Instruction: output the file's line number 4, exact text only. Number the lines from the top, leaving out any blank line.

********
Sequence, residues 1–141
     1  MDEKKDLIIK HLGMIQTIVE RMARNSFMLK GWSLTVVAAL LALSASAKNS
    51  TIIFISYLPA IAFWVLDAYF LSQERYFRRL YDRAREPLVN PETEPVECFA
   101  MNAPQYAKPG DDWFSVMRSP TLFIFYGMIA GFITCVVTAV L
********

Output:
   101  MNAPQYAKPG DDWFSVMRSP TLFIFYGMIA GFITCVVTAV L